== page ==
Butler Archetypes: Mountain Of Books, Leaves All Day

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Taking a Saturday evening off of the Butler grind? We doubt it. And unsurprisingly, neither are the Butler-ites—the elusive species of passersby, tablemates, and denizens you’ve come to love/hate. With our newest Butler-themed feature, we bring you meticulously researched anthropological profiles of these shifty creatures from the guy who smells like weed to the girl who will mooch indefinitely. So take a break from your Orgo textbook (okay, Dan Brown novel), and join Concerned Citizen Conor Skelding as he paints a poignant portrait of that person you know only by his/her abandoned stack of books. 

Torn out page from Louise McCune's very private and personal Butler diary (tear-drop stains whited-out).

Meet the over-estimator. He or she (there’s no way of knowing, really) is also identified by Butler Archetype Specialists as “mountain of books, leaves all day.”

“Wow,” the over-estimator is thinking, as he/she spreads out literally dozens of books (recently procured from the Stacks), a cup of Oren’s, and a selection of highlighters. “It’s only 10 am and I’m already settled in Butler. What an early start! I think I’ll step out. Just one cigarette.”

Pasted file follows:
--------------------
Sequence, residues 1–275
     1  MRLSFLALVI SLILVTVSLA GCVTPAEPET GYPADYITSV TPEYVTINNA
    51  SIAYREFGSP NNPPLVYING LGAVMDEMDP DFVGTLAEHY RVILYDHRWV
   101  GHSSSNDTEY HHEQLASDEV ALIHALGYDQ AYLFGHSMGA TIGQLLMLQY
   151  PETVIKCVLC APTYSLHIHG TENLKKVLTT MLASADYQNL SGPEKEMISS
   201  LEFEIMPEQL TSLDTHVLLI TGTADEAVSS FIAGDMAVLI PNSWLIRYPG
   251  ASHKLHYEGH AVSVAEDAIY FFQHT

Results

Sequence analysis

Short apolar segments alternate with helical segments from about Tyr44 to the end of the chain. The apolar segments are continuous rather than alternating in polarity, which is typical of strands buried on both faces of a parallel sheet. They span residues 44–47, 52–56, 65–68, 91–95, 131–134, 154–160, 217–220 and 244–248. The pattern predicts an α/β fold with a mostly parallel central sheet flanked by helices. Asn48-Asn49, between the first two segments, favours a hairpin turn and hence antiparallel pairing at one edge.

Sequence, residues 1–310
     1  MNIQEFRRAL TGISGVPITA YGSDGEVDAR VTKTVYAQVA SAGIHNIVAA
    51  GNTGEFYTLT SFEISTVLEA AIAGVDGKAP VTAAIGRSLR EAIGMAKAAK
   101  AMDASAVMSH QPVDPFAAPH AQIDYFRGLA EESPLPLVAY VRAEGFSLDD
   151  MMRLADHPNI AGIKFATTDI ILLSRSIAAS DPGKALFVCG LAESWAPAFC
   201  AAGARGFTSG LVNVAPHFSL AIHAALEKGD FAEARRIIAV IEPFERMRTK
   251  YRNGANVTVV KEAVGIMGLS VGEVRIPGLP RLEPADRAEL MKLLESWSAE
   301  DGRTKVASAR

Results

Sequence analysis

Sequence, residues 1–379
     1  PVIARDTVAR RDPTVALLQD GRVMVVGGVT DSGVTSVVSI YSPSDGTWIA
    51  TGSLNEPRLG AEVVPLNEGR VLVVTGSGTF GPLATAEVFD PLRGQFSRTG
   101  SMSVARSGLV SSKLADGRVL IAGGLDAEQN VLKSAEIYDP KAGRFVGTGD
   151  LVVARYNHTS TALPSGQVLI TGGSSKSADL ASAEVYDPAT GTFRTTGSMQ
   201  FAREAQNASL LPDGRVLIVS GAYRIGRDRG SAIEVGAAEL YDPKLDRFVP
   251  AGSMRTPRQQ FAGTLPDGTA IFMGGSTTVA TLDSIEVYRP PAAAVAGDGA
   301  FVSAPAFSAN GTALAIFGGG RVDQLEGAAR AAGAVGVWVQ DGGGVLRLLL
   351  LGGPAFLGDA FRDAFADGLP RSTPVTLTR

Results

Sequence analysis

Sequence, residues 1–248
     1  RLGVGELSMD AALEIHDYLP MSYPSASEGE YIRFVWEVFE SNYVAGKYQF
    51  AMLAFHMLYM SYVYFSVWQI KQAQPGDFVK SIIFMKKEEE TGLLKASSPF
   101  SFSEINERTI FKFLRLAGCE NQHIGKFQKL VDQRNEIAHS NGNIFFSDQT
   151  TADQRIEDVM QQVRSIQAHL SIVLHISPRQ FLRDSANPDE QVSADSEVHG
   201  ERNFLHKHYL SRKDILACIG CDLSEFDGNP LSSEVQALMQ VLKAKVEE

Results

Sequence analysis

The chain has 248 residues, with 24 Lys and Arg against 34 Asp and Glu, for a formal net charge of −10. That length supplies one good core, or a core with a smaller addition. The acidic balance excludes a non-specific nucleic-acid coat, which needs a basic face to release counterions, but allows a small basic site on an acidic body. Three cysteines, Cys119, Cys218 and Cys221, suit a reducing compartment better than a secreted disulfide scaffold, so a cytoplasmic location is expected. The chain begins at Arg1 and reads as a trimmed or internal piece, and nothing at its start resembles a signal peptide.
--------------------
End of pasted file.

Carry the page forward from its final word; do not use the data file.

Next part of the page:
Wrong. One cigarette, two coffees, a quick phone-call to a long-distance boyfriend or girlfriend, and nine more cigarettes later, this person is nowhere to be seen. Sure, an early arrival and extensive set-up efforts are commendable, but you can’t help wondering, as you peer through the mountain of textbooks and hardcover novels left behind, whether he or she has ever really turned a page. It’s lunchtime though, and by now you give this stranger the benefit of the doubt. John Jay is only a stone’s throw away from the Ref Room, after all.

Flash forward five hours. You see a shadow out of the corner of your eye—is that the over-estimator? Crouching behind his/her books? Actually working? Maybe he or she has returned to finally crank out a few pages.

But before you know it, the creature is gone once again, leaving only stacks of books, a coffee stained napkin, and a note that says “Pls don’t touch,” with a tiny sketch of a smiley face.

Over-estimator, we hardly knew ye.

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  1. Anonymous  

    This Butler archetypes series is pretty good.

  2. @Butler310FILO  

    In this scenario, you're definitely allowed to move the books and take over: it's called an "annexation."

  3. Anonymous  

    bwog getting back to basics..thank g

  4. Anonymous  

    these illustrations are so good!

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